How to make your own prefelts

Apr 13, 2024

As we’ve seen last week, a prefelt is a partially felted piece of wool felt. That means, it’s made in the exact same way as a piece of felt. The only difference is the degree to which it’s compacted.

I usually make my prefelts by wet felting Merino tops. For some projects, I have also needle felted wool batts. This second method is a way of imitating the industrial prefelts. But I find it’s only a good option for small projects.


What do you need to pay attention to when making a prefelt to use in other projects?

1. Evenness

It’s important to create your prefelts with an even thickness. If this is difficult for you, start by training your layout skills.

Do you need help with this? You can find everything you need to train your layout skills in the blog post “Resources To Help You Perfect Your Layout”. (Click link or image to access!)

2. Thickness

The thickness of your prefelt will depend on which projects you’ll be applying it to.

If your goal is to use it to create any kind of surface pattern on a felt, you should create a thin prefelt, so that it becomes part of the surface as opposed to being elevated on the surface.

If you’re planning a differential shrinkage project, your prefelt will need to be thick. I suggest at least double as thick as the base felt. This is exactly what creates the differential shrinkage, since a thinner felt shrinks much more than a thicker one.

3. The degree to which it’s compacted

A prefelt can go all the way

  • from the fibers just holding together (with a shrinkage of 10% or less; you can easily pull it apart)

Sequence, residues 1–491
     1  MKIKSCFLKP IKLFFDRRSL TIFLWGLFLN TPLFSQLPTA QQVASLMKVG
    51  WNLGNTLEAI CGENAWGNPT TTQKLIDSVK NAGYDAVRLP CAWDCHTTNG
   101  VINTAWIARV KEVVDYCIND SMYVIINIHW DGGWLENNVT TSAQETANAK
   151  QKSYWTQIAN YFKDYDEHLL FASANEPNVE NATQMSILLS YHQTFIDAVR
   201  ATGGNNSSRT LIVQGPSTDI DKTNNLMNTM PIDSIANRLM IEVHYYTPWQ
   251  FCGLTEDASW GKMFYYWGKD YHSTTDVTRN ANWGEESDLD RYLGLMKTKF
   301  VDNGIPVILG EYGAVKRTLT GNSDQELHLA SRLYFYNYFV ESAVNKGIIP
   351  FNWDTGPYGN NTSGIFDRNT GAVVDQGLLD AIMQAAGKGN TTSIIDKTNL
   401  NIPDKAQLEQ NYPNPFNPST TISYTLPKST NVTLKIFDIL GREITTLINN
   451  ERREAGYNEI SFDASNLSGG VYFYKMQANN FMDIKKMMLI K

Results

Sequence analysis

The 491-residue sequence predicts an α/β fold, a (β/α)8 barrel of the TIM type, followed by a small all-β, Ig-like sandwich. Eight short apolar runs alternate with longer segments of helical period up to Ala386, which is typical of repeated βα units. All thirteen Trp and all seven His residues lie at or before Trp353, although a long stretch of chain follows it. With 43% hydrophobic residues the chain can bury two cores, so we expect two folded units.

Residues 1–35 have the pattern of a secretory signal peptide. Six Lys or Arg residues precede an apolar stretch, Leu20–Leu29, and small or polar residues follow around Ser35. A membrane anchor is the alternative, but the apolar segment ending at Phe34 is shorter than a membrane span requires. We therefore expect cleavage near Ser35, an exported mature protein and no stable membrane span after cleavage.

• to being much more compact (like the one in the video above; nearly impossible to pull apart).


Now, you may be asking yourself when to opt for the softer or for the harder ones. So, here are a couple of principles to guide you:

  • A soft prefelt attaches very easily to your background since the fibers still have a lot of potential to felt. But, because of that, it will blend more with the background as well.
  • A harder prefelt, on the other hand, can be very difficult to attach to the background since its fibers are much more felted already. But, because of that, it will retain its shape a lot better than a soft one.


Again, the decision to compact it more or less will largely depend on what your goals for your project are.

There’s a little trick you can use to help a harder prefelt attach to the background. You can use a dog brush (or even a metallic brush from the hardware store) to pull up some fibers on the side of the felt that you’ll be attaching to the background wool. These teased out fibers will more easily bind to the new wool than if your prefelt is completely smooth. (Check out the video above for more information.)


What can you add to your handmade prefelt?

Prefelts can be made with any wool type you normally use for felting. Consequently, you can also add all possible embellishment fiber or other materials to your prefelt that you would add to your felt.

As I mentioned last week, this is one of the biggest advantages of making your own prefelts to use in your projects. This alone gives you a huge potential to use handmade prefelts to decorate your projects.

These are the guidelines you need to start working with prefelts. Unfortunately, I can’t give you any precise recipes because there aren’t any. You will need to experiment, make samples, and get to know how wool reacts.

The more you work with prefelts, the more you’ll be able to make them even, and get a feeling for how thick and how compact they should be for the effects you want to achieve in your projects.

Next time, we’ll dive even deeper into this topic, and talk about the best felting techniques to create your prefelts, as well as how you can use them for your projects.

I hope you’re enjoying this series and I’ll talk to you soon!


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